Tuesday, 8 June 2010

T-SQL Tuesday #007 - Policy Based Management

It's that time of the month again, time for the next round of T-SQL Tuesday posts. This month is being hosted by Jorge Segarra (Blog | Twitter) and we are blogging about new features in SQL Server 2008 and SQL Server 2008 R2. Plenty of scope then as this is quite a wide topic. I have posted previously on file streaming, you can see those posts here but for this post I am going to keep it simple and fresh and look at another new feature of SQL Server 2008, Policy Based Management.
I have been meaning to write something on policy based management for some time. Policy Based Management allows DBAs and administrators to apply policies or enforce rules on all the SQL Server 2008 instances they look after and ensure that a consistent approach is followed on all instances. It can be used by DBAs to enforce a 'standard' configuration across the SQL Server farm.

Where would you use it?

Well, firstly only on SQL Server 2008 and beyond. It won't work on 2005 or 2000.
There are numerous uses, one that I would have used in a previous job had it been available in earlier versions would have been to enforce some sort of naming convention. For example, you want developers to stick to some sort of naming convention, you may want the name of all stored procedures to start 'USP_' which makes identifying developer written stored procedures very easy and straight forward. Naming conventions is big long argument possibly for another day and I don't want to go into a big long discussion about this here, so let's assume you have brand new SQL Server 2008 Server, it's going to be a development instance, and you want to make sure that your developers stick to a naming convention for Stored Procedures so how do you use policy based management to achieve this?
Taken from Book Online (BOL):
Policies are created and managed by using Management Studio. The process includes the following steps:
1. Select a Policy-Based Management facet that contains the properties to be configured.
2. Define a condition that specifies the state of a management facet.
3. Define a policy that contains the condition, additional conditions that filter the target sets, and the evaluation mode.
4. Check whether an instance of SQL Server is in compliance with the policy.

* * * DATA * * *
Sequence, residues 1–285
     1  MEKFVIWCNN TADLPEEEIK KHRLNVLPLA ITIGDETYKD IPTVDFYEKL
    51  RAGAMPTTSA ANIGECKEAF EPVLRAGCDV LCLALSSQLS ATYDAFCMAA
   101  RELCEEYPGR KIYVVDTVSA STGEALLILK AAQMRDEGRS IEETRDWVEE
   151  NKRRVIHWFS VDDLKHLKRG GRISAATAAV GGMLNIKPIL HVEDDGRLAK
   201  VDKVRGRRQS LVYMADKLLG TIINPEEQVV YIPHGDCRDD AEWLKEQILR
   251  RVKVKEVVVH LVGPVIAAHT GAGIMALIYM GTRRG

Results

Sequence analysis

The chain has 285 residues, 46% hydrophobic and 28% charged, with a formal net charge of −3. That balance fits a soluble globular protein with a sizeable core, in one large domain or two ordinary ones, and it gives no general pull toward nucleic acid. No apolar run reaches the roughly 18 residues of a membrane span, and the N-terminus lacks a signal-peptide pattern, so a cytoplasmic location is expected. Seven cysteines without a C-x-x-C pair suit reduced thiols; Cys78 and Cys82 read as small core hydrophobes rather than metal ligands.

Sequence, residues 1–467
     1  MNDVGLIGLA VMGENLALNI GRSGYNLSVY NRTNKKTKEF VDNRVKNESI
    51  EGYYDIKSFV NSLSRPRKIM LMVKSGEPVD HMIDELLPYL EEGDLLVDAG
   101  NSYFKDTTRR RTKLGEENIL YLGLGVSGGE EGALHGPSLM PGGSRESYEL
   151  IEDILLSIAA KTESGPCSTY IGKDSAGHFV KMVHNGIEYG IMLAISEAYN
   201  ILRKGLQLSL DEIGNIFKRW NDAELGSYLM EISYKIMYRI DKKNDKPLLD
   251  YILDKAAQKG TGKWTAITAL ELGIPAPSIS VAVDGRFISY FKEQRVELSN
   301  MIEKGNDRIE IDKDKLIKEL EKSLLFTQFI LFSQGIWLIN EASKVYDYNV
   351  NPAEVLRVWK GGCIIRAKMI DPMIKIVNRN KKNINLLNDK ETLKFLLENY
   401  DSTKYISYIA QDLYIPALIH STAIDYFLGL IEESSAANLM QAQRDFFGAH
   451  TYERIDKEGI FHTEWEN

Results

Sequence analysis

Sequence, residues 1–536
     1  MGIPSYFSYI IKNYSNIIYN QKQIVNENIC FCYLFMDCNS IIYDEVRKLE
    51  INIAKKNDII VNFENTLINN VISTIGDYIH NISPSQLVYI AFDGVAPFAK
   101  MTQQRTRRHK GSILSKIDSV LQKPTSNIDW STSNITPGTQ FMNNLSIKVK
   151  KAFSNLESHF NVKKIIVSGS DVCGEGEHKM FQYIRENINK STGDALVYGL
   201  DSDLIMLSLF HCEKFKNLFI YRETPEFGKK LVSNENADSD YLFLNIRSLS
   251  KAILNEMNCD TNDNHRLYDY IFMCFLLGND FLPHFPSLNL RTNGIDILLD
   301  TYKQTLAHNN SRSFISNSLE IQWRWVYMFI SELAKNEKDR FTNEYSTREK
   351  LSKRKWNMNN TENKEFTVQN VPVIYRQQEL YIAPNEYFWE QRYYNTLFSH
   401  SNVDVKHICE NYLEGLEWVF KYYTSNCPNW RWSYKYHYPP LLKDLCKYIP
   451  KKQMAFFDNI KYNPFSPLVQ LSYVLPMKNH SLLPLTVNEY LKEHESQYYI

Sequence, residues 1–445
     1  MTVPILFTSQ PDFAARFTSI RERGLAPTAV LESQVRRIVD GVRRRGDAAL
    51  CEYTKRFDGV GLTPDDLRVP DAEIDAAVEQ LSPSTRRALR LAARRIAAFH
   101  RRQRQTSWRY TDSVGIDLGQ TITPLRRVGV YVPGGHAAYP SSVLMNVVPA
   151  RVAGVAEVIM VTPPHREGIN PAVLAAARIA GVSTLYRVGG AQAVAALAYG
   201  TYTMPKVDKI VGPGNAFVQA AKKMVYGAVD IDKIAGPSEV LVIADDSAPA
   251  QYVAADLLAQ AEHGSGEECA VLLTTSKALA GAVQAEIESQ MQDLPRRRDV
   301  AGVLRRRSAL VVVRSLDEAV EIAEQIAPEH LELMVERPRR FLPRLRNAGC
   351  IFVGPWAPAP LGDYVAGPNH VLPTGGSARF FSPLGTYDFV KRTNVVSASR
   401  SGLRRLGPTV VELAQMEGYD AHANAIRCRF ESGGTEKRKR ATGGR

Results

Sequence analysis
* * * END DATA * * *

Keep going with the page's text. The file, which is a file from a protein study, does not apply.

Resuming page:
How do we do this ourselves?

Connect to your SQL Server instance
Expand the management folder
and expand the policy management folder...and you will see three further sub folders: polices, conditions, and facets.
Expand the facet folder and look for a facet called “Stored Procedure”. Right click and select <properties>. You should see a list of properties, we will be using the 'name' property. You can then close this window.
Right click the Stored Procedure facet and select <new condition> give it a meaningful name..."SPName"
The Stored Procedure Facet should be selected.
In the expressions box click to add a clause.
Enter the following information:
Field: @Name
Operator: LIKE
Value: 'USP_%'
After entering this information this your condition should be ready. Click <OK>
Using the stored procedure facet we have created a condition for the Name property which specifies that stored procedure names should start with 'USP_' we now need to create a policy to enforce this condition.
Right Click the <Policies> folder and select <New policy> and we get the Create New Policy window
Give your policy a meaningful name "SPName"
Select the check condition we just created.
Specify the target databases you want enforce the policy on.
Specify the Evaluation Mode. For this we want the policy to prevent Stored Procedures so we select "On Change: Prevent"
Click on the "Description Page" on the left hand side and enter some text in the "test to display" window something like "Sorry guys, you know the rules, nice names for the SPs please."
Click OK. This creates your policy. BUT you are not done there. If you go and try and create an SP that does not follow this policy do you think SQL Server will allow you? Well yes it will, the new policy is currently in a disabled state. I think this is like this because they want you to evaluate your policy before you enable them and you can right-click and run evaluate which shows you current objects which break this policy.
So I will enable the policy by right clicking and selecting <Properties> and the ticking the <Enabled> check box.
go away and a developer tries to create an SP called '[SELECT]' and he gets this
When we change the name to ‘usp_select’ it works just fine.
That just about wraps up my TSQL Tuesday post for this month, my good friend Justin Hostettler-Davies has recently been writing a series all about the new features of SQL Server 2008. You can find his blog and his posts here.

1 comment:

  1. Great job but just for the record you CAN use PBM with 2000 and 2005. Check out http://epmframework.codeplex.com/ . PowerShell extends the power of PBM to the rest of your environment.


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